1. There has been a clear change to the sport since Brawn took over for Bernie in matters like these where cooperation for the health of the sport seems way more important than just the individual interests. That’s not to say those don’t exist and play a role, but they certainly seem way more diminished than they ever were in the past few decades of the sport.

        1. I’d say the opposite.
          I think inviting the teams into the decision making process is giving them much more power to push their own barrow.
          It’s allowing the teams to get more of what they want individually, at the expense of F1 as a whole.
          The best person to make any decision is the one who is completely impartial and doesn’t stand to gain anything from it.

          1. Show me a benevolent dictator and I’ll show you a dictator.

            1. I was thinking more along the lines of a Judge.

              Anyway – Good or bad, F1 exists today because of a dictator.

            2. S, is it really the case that “F1 exists today because of a dictator”, or is it rather more accurate to say that F1 exists in its current form because of a dictator? There is a considerable difference between the two.

          2. S I’m surprised how much you have missed what has been going on since Liberty took over, that being an overall co-operation with the teams and eventual agreement from them via their signing of the latest Concorde Agreement, and an obvious unanimous decision to freeze the engines. To me that unanimous agreement, especially without a balance of power type concept decided, indicates that the teams are likely quite confident that by the time the engines are frozen the pus will likely all be pretty close to each other. But to cover themselves they have of course discussed the possibility of something needing to be done, and by all accounts they are all on board with a detail like this, or there would not have been the unanimous decision there was, or at least perhaps it’s safe to say some wouldn’t have agreed until they indeed hammered out and put on paper something formal. That they haven’t felt the need to is to me a great sign of health and co-operation amongst the F1 teams. You talk like this is still the BE era and it simply is not, thank goodness. I would think that if they don’t have to resort to a balance of power concept then that should please most fans for there not being that gadget or artificial element involved, the type of which so many so decry.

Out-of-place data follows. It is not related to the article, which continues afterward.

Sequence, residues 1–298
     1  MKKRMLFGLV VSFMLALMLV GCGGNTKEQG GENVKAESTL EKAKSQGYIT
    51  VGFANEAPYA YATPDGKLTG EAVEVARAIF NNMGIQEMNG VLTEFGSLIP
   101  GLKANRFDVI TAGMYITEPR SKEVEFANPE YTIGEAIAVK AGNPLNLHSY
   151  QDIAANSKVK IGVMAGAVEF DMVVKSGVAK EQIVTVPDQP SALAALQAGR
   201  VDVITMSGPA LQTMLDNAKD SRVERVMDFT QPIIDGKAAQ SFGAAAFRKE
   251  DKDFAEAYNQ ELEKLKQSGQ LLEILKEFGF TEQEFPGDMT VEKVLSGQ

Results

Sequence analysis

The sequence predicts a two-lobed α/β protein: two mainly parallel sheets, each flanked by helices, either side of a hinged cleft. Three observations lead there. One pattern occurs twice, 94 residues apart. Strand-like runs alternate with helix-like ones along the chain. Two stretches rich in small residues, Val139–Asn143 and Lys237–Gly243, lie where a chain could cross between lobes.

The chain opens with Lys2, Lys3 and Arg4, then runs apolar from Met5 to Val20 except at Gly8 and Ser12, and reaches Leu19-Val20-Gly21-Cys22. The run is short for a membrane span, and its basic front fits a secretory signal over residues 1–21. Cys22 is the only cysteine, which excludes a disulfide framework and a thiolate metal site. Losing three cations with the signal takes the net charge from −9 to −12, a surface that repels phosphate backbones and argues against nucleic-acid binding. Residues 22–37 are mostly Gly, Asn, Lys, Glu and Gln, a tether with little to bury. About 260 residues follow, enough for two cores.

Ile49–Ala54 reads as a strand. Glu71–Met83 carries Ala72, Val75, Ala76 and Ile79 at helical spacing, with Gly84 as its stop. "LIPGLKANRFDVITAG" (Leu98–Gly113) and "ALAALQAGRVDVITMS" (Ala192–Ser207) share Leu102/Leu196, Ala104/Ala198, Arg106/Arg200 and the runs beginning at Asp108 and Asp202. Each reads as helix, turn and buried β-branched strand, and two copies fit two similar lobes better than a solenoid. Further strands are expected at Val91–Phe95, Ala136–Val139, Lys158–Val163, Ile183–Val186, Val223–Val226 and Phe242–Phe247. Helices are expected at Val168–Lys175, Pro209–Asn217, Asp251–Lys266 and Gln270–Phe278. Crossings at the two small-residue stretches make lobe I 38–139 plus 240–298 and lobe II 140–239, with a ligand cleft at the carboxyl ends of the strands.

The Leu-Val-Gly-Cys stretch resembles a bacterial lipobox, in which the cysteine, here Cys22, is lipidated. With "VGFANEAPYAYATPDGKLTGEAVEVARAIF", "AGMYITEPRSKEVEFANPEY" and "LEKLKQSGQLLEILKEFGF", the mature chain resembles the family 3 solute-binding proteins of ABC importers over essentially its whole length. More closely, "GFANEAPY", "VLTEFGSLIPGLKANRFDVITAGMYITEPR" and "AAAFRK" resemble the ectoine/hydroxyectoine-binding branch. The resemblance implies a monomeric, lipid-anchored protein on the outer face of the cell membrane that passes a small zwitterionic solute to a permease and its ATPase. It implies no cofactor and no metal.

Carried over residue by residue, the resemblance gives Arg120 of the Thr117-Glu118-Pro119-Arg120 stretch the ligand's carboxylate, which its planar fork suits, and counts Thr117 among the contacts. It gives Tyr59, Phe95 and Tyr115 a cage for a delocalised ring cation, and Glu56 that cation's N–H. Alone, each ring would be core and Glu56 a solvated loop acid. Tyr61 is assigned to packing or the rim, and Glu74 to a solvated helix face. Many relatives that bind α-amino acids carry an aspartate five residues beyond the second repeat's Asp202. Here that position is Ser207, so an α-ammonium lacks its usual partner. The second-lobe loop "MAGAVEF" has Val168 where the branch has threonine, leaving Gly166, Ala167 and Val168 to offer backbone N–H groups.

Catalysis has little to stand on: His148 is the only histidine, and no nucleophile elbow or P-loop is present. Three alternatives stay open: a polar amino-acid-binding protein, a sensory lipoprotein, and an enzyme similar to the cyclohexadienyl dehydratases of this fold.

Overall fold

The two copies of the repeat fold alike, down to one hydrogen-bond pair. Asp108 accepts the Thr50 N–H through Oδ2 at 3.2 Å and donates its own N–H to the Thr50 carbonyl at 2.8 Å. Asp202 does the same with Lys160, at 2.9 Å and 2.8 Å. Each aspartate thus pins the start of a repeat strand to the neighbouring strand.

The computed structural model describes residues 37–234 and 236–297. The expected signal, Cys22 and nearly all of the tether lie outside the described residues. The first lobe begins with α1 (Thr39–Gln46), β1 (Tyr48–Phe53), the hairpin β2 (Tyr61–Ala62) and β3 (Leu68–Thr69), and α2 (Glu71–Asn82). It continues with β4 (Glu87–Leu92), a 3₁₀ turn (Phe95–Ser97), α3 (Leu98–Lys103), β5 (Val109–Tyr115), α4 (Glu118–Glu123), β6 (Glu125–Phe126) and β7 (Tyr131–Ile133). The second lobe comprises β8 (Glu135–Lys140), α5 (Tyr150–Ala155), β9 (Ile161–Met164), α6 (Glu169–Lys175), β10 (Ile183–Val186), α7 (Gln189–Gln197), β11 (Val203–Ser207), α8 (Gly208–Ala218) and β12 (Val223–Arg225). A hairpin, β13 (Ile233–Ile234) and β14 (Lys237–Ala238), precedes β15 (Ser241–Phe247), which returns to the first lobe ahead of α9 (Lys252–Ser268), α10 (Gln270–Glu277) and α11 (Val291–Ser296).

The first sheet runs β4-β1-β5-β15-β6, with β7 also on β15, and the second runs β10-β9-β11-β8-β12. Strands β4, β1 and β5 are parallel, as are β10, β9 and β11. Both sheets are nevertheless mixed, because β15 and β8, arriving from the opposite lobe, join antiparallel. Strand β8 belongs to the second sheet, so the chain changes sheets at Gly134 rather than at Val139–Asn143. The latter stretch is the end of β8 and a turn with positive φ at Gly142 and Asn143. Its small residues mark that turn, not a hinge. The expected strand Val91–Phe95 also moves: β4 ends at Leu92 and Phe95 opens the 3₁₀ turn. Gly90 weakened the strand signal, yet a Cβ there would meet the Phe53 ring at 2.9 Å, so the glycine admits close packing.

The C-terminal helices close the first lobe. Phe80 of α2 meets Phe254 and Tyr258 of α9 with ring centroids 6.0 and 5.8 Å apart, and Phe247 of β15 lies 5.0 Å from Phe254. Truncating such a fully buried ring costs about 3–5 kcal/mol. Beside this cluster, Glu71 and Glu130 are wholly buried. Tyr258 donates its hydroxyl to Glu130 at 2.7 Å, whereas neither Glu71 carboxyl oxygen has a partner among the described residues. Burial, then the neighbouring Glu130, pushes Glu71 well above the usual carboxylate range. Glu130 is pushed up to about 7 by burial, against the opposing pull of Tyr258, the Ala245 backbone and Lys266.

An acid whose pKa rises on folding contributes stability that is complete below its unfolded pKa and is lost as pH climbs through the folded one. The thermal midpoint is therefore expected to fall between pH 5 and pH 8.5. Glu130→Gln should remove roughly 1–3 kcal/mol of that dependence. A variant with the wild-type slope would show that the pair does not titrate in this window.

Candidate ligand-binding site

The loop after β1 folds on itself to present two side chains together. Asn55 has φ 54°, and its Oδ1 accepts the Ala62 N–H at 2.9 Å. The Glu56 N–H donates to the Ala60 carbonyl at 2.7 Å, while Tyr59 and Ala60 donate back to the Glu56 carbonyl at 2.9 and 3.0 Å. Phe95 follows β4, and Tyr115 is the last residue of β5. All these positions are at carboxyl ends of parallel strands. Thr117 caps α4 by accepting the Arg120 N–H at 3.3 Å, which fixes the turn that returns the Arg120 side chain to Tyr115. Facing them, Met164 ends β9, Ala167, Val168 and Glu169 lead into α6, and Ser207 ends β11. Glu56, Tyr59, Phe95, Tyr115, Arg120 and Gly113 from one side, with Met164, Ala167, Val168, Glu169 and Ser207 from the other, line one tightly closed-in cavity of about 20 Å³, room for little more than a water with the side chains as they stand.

1. @robbie I haven’t missed anything – I’m simply not drinking the kool-aid coming out of F1.
              I don’t think it is all flowery and perfect that the teams have so much power to decide the regs – they are in it to make money, yet I watch because I want it to be entertaining and the toughest challenge available in motorsport. We want different things.